He and Town Supervisor Larry Cantwell both advise not venturing out unless it is absolutely necessary.

“Our primary concern is personal safety,” Mr. Cantwell said. “If you don’t have to go out, I would not do so. The roads are slick.”

Chief Sarlo said that a lot of people might think that having a four by four vehicle would ease driving in the snow and ice, but that sometimes isn’t the case.

“They don’t help you stop and starting from a stopped position often will cause fish-tailing and skidding out,” he said.

He offered some advice to those who go out on Friday and Saturday: “Please do not pass slower moving vehicles as changing lanes and overtaking is very hazardous in slippery conditions. You can cause vehicles around you to leave the plowed portion of the road and lose control.”

Mr. Cantwell said that the Town Hall offices are closed today but the Emergency Operations Center on Cedar Street is still open until the state of emergency is lifted.

He said that before they make the call, Town and Village officials will need to take into account the temperature and road conditions.

As of 9:30 a.m., the roads were passable but streets near open areas were subject to dangerous snow drifts.

Chief Sarlo said the police department is monitoring Gerard Drive in Springs, which has been somewhat washed out, and have closed the roadway. He said no evacuations have happened yet.

Mr. Cantwell said in addition to public safety, the Town is concerned about erosion along the coast, which seems to be light, he added.

“Our people have been looking for any erosion damage that may occur,” he said. “But at this point temperatures are going to plummet and the wind chill will be below zero overnight.”

No power outages had been reported in the town, but because of the expected drop in temperature, officials are bracing themselves to help those who lose power.

“Please check on your elderly neighbors and try to clean off your walkways and vehicles during the day as lower temperatures will cause freezing and dangerous conditions as we head toward evening,” Chief Sarlo said.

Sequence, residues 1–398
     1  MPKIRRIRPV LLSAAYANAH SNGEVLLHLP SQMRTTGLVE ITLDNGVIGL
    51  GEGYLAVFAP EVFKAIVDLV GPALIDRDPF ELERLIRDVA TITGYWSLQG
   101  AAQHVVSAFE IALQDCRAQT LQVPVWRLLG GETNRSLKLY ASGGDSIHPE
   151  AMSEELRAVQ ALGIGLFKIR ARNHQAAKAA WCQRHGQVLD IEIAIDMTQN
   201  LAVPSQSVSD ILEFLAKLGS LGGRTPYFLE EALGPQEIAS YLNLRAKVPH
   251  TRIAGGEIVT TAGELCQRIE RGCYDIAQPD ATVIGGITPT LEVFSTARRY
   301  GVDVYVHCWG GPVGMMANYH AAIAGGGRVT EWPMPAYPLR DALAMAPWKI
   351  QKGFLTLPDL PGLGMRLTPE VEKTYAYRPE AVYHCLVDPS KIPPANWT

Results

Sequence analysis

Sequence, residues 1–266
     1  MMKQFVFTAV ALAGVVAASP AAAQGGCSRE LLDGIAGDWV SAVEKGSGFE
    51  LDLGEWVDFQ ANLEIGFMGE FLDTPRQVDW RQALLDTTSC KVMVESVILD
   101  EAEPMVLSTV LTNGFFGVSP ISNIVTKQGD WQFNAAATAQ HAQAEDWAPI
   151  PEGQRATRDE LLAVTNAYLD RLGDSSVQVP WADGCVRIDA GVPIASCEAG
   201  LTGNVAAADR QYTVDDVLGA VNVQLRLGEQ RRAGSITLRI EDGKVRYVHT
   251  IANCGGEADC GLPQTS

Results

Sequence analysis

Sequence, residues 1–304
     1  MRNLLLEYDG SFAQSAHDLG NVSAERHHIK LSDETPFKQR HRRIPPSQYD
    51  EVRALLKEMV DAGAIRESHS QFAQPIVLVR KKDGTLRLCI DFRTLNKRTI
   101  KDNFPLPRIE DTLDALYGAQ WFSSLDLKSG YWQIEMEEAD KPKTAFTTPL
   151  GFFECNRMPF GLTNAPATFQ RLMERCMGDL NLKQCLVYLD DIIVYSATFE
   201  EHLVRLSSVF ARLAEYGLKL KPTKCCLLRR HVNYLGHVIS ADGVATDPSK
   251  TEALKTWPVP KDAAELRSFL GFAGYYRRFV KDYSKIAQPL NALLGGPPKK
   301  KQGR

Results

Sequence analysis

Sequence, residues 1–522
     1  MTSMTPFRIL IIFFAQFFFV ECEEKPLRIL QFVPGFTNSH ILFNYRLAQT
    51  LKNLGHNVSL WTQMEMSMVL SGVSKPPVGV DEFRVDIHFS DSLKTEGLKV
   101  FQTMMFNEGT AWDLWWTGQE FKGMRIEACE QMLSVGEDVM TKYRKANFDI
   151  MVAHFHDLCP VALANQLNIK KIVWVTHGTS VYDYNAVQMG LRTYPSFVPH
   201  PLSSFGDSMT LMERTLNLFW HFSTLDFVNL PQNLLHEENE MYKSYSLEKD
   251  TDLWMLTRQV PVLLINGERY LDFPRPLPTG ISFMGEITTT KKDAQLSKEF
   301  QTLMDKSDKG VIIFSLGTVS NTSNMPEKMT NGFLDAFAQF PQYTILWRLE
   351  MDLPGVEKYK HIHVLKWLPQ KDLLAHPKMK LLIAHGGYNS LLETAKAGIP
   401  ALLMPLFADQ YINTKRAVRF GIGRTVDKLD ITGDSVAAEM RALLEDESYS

Mr. Cantwell, on his second day of being Town Supervisor, said that the blizzard isn’t taking him for a ride.

“As village administrator for 30 years, I’ve been dealing with emergency conditions and experienced what the steps are,” he said. “I have a good team. I’ve had the best experience between the Town Highway Superintendent Stephen Lynch, Chief Sarlo, and Bruce Bates, the emergency preparedness coordinator. We’ve had good coordination and cooperation.”

Accoring to East Hampton Village Administrator Becky Molinaro, Village Hall is also closed today and the Public Works Supervisor, Scott Fithian, said to stay off the roads because they are icy.

East Hampton Village Police Captain Mike Tracey said that while conditions were generally good, there was poor visibility and slippery conditions while the highway crews were still working to clear roads. He said there are icy patches below snow cover within the village.

UPDATE, Friday, 6:55 a.m.

Between 7 and 8 inches of snow fell overnight on the East End, with flurries expected to continue to about 10 a.m. while further snowfall expected of 2 to 3 more inches. Wind will continue to gust at 20 to 40 mph, with frigid temperatures.

A blizzard warning remains in effect until 1 p.m.

The Long Island Expressway will remain closed until 8 a.m., and the LIRR is on a weekend schedule.

A coastal flood advisory has been issued for coastal areas, including Suffolk County.

UPDATE, 5 p.m.

The National Weather Service continued to warn of blizzard conditions for the East End, predicting snow accumulation of 6 to 10 inches or more in some places. Wind chills of zero to 5 below zero degrees are predicted from late Thursday into Friday.

Snow is expected to become heavier in the overnight, creating whiteout conditions and making travel “extremely dangerous.” The weather service warns that wind chills could lead to frostbite or hypothermia. It has warned people not to travel and, if they absolutely must, to take along a winter survival kit and stay with their vehicles if stranded.

UPDATE, 4:40 p.m.

Governor Andrew M. Cuomo declared a state of emergency in New York on Thursday evening and said that the Long Island Expressway will be closed from midnight to 5 a.m. on Friday.

As of 4 p.m., East Hampton Town was under a state of emergency. According to the Town’s website, parking along public roadways is prohibited and parked vehicles may be towed.

UPDATE, 4:28 p.m.